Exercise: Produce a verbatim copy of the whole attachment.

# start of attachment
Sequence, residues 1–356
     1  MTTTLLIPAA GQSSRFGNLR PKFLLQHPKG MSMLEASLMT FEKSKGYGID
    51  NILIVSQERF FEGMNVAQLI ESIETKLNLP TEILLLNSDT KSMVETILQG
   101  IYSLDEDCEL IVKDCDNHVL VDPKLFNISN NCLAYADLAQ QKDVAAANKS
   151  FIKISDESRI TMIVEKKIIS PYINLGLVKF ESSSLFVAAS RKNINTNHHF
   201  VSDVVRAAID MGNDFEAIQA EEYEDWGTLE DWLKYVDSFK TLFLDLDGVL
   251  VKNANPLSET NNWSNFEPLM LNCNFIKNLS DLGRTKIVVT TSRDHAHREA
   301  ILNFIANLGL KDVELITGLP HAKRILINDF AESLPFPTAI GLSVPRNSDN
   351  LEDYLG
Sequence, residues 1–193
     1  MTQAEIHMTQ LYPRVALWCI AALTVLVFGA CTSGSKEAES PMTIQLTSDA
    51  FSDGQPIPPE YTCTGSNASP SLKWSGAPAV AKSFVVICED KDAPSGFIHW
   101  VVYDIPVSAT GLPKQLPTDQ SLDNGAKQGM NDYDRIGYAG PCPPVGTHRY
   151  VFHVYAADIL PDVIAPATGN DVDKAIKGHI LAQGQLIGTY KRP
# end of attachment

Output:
Sequence, residues 1–356
     1  MTTTLLIPAA GQSSRFGNLR PKFLLQHPKG MSMLEASLMT FEKSKGYGID
    51  NILIVSQERF FEGMNVAQLI ESIETKLNLP TEILLLNSDT KSMVETILQG
   101  IYSLDEDCEL IVKDCDNHVL VDPKLFNISN NCLAYADLAQ QKDVAAANKS
   151  FIKISDESRI TMIVEKKIIS PYINLGLVKF ESSSLFVAAS RKNINTNHHF
   201  VSDVVRAAID MGNDFEAIQA EEYEDWGTLE DWLKYVDSFK TLFLDLDGVL
   251  VKNANPLSET NNWSNFEPLM LNCNFIKNLS DLGRTKIVVT TSRDHAHREA
   301  ILNFIANLGL KDVELITGLP HAKRILINDF AESLPFPTAI GLSVPRNSDN
   351  LEDYLG
Sequence, residues 1–193
     1  MTQAEIHMTQ LYPRVALWCI AALTVLVFGA CTSGSKEAES PMTIQLTSDA
    51  FSDGQPIPPE YTCTGSNASP SLKWSGAPAV AKSFVVICED KDAPSGFIHW
   101  VVYDIPVSAT GLPKQLPTDQ SLDNGAKQGM NDYDRIGYAG PCPPVGTHRY
   151  VFHVYAADIL PDVIAPATGN DVDKAIKGHI LAQGQLIGTY KRP